Growing Pains at Zappos as It Undergoes Radical Change

By Kathy Gurchiek Jan 21, 2016
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Zappos is known as much for its offbeat, fun workplace as for the shoes it sells online. In fact, “create fun and a little weirdness” is written in the Zappos corporate charter. Then Tony Hsieh, CEO for 16 years, decided the company had become too bureaucratic and should adopt a new paradigm—holacracy. The idea was to reclaim the company’s freewheeling culture, momentum and innovative pace.

The radical self-management system, implemented at Zappos in 2013, eradicated traditional corporate hierarchy; there are no managers for the 1,500 employees who define their own jobs. The initial result has been painful, according to various news reports, with dozens of employees quitting Zappos.

Exclusive: Zappos CEO Responds to Reports of Employee Departures after Radical Management Experiment
Zappos was blindsided with a slew of recent stories reporting that a new radical management experiment was backfiring, given that an (ostensibly) alarming 18 percent of its employees left the company since March. Reporter Greg Ferenstein reached out to Hsieh and his team for a response to the recent string of press and given my previous reporting, he agreed to answer questions via email. Here, Zappos execs defend restructuring, discuss employee departures.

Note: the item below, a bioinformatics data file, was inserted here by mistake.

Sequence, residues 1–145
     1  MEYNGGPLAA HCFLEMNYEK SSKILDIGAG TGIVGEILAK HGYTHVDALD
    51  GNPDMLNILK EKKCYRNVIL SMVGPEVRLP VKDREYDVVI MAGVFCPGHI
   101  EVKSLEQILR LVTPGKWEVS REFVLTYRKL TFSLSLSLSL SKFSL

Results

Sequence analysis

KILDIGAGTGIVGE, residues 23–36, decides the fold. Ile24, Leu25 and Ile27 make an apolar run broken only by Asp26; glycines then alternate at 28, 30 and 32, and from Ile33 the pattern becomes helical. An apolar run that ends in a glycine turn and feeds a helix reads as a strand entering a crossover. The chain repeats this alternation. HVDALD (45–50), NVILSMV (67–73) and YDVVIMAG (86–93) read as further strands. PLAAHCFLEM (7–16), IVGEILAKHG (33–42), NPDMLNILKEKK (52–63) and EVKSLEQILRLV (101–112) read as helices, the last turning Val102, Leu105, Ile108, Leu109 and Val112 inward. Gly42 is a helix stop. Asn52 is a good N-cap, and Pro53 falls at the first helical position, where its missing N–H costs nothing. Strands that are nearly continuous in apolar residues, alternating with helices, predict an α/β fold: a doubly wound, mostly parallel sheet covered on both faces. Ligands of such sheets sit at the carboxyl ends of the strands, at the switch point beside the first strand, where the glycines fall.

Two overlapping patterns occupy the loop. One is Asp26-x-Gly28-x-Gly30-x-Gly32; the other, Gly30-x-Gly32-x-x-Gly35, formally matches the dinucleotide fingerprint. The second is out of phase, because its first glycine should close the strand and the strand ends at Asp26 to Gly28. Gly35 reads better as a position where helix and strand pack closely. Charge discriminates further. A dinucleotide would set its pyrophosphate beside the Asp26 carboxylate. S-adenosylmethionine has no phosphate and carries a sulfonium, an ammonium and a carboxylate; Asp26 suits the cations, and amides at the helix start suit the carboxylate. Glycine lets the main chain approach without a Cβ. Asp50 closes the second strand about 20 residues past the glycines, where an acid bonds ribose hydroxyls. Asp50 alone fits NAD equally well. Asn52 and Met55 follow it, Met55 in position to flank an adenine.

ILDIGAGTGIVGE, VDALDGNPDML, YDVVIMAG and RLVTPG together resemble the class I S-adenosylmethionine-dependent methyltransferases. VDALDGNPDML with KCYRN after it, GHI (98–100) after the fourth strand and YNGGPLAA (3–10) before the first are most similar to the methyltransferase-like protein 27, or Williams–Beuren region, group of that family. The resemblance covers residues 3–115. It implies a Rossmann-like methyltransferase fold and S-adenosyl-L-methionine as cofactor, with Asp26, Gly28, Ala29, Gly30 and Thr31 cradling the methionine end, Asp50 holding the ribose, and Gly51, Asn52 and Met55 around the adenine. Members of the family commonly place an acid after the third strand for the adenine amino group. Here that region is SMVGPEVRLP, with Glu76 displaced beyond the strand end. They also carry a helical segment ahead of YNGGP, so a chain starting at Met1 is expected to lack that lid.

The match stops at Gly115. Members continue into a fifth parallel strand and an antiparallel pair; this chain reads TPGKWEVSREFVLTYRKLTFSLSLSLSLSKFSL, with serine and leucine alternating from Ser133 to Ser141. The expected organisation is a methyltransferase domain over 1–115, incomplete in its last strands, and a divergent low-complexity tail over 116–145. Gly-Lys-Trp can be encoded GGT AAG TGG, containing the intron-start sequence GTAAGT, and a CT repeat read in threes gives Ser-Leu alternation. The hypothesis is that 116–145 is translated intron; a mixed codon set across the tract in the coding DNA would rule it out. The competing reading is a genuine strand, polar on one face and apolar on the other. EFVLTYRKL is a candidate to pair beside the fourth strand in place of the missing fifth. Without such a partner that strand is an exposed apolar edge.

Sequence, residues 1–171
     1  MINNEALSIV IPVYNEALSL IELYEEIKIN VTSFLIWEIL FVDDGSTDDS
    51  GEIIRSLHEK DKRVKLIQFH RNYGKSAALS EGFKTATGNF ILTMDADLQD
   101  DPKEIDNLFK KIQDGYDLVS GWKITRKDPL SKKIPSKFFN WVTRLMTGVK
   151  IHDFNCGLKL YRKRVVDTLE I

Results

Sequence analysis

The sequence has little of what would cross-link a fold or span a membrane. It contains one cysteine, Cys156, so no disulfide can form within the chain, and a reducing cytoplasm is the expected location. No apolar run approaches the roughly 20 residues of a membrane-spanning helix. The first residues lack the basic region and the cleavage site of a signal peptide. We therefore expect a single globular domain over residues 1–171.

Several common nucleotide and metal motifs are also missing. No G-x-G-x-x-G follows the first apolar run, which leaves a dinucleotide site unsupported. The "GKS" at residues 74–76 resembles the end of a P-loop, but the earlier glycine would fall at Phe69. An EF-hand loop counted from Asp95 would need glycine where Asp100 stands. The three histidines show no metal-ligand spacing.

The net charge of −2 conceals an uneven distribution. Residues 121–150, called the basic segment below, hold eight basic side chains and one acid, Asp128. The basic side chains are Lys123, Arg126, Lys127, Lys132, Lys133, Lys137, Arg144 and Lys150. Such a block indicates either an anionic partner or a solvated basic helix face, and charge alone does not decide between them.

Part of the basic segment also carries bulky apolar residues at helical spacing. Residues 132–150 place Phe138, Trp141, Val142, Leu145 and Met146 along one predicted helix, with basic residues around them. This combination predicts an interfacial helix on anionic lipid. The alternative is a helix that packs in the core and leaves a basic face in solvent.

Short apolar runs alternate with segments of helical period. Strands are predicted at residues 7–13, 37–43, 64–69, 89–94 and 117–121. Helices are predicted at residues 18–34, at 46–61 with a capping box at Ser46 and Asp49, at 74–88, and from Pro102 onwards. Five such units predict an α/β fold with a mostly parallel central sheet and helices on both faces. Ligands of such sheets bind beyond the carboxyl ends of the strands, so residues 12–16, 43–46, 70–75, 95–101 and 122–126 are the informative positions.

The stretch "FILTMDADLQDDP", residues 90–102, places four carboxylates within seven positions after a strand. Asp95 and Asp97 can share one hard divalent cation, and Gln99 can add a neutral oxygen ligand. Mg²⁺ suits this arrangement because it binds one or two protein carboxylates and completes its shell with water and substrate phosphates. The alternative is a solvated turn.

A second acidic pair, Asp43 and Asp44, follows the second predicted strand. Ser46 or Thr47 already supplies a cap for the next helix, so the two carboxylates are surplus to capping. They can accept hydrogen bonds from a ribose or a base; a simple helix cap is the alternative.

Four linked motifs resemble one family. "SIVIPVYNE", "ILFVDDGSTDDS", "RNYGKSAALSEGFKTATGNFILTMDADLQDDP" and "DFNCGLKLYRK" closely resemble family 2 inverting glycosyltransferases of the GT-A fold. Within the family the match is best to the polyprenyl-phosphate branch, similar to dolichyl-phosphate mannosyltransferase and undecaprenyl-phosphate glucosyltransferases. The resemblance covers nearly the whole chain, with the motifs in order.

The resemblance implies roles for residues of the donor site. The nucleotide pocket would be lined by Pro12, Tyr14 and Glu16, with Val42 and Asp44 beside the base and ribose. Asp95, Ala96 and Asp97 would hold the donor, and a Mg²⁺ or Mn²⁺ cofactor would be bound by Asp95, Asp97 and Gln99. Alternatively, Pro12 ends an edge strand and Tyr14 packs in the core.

(Ferenstein Wire)

At Zappos, Self-Management Is a Tough Sell
What is the radical self-management system called holacracy? Nothing about it is easy to understand.
(New York Times)
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Why Pain Is Inevitable for Zappos and Holacracy
In a traditional hierarchy, “the boss” drives the decisions and assignments. A holacracy is an effort to replace the traditional hierarchy with a more flexible, organic, network so different people can assume different roles, including being “the boss,” depending the circumstances and their skills and interests. In theory, it sounds great. In practice, not so much.
(Forbes)

Why Are So Many Zappos Employees Leaving?
Zappos’ turnover rate for 2015 is 30 percent—10 percentage points above their typical annual attrition rate.
(The Atlantic)

3 Reasons Zappos Exodus Doesn't Spell Doom for Holacracy
For the sake of playing devil's advocate to the prevailing wisdom that holacracy is to blame for the turnover at Zappos, here are three reasons employee attrition doesn't necessarily spell doom for holacracy—at Zappos or anywhere else. For one thing, holacracy transitions are not supposed to fast or easy.
(Inc.)

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